For the past seven years the city has been hosting the popular music series, drawing hundreds every Thursday to the Sun Inn Courtyard on Bethlehem’s north side. Since the beginning patrons have been bringing their own drinks to enjoy while watching the bands, but the Downtown Bethlehem Association cited liability issues as the reason for now disallowing outside booze.
Legally, the state’s Pennsylvania Liquor Control Board has no laws on the books about open containers and those laws are set at the local level. The DBA utilizes a ‘special occasion’ liquor license from the PLCB which allows them to serve their own beer and wine within a permitted area during their events. It also holds them liable for everyone consuming alcohol in that permitted area, whether or not the alcohol was purchased via the liquor license holder. That means if patrons bring in their own alcohol and get overly intoxicated or if minors are consuming alcohol on the premises, the DBA is still liable for those patrons.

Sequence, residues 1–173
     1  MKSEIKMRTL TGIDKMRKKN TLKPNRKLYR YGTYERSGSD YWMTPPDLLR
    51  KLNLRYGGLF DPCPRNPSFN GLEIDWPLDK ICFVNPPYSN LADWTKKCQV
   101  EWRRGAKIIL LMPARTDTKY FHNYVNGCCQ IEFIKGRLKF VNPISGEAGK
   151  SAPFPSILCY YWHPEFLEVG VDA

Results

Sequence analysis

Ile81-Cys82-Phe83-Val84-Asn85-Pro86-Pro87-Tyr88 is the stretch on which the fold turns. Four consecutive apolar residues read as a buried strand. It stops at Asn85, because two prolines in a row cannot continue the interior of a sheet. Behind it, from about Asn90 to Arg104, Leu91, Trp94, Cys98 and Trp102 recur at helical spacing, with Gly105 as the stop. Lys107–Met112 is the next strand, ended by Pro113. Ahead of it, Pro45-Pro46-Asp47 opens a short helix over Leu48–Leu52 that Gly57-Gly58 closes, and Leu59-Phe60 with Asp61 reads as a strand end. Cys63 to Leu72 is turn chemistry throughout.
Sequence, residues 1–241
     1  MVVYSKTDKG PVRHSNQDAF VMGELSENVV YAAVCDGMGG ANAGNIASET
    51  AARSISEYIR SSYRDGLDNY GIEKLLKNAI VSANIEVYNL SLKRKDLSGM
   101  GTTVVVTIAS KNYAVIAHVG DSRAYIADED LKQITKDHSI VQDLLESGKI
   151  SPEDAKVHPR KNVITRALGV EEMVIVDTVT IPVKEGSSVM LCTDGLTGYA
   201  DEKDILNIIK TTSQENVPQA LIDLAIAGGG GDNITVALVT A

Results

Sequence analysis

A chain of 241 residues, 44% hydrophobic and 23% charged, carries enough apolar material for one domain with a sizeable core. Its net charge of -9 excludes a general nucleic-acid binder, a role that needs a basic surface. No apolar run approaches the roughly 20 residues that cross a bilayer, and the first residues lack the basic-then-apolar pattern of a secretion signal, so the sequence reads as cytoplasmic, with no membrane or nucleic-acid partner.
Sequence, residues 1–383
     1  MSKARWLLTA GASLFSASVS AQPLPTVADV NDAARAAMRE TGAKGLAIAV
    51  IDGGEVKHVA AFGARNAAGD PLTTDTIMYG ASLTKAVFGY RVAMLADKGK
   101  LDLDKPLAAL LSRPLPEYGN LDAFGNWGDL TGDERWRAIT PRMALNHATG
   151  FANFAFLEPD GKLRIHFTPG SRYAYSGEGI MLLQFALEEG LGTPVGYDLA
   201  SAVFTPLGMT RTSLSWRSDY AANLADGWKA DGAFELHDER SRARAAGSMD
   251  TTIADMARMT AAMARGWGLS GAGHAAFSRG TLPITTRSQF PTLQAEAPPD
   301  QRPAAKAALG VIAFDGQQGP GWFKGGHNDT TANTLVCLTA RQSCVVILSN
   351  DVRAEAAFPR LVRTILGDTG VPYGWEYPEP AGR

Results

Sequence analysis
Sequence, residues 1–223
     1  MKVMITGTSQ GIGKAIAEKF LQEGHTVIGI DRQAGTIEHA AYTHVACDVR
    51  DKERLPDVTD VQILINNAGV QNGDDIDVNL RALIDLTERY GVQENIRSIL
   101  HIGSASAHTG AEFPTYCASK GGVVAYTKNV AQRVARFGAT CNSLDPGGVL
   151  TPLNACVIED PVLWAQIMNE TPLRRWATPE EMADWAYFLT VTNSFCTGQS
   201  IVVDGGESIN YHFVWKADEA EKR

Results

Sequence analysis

Interestingly enough, the city’s code regarding open containers states, “Nothing in this section shall be deemed to prohibit the consumption of alcoholic beverages at a function or activity for which a special occasion permit has been issued by the Pennsylvania Liquor Control Board…” It states nothing about necessitating the purchase of beverages from the licensed authority. A representative of Bethlehem’s economic development office tweeted at us that because the DBA holds a permit for use for the courtyard, they are allowed to serve beverages for consumption whereas the patrons don’t have such a permit, so they would be violating city policy. A review of the DBA’s agreement with the city and comparison with the city’s open container laws show that argument may not hold up. Still, the lessee of the space generally has discretion of how they use the space, despite it being an open air, public venue.
The decision, of course, was not popular with concertgoers and many took to the DBA’s Facebook page to voice their displeasure. One fan of the concerts, Dennis Harbon, claimed the ban is, “the beginning of the end of tunes at twilight. Sad news.” Many Tunes attendees would typically bring coolers from home or fill growlers of beer across the street at Brew Works. A few accused the DBA of banning beverages as a simple money grab to fatten their coffers, while others called for more varied options of brews and wine.
The Downtown Bethlehem Association did not respond to a request for comment on this article, and it remains to be seen how they plan to enforce the ban on BYOB tomorrow evening.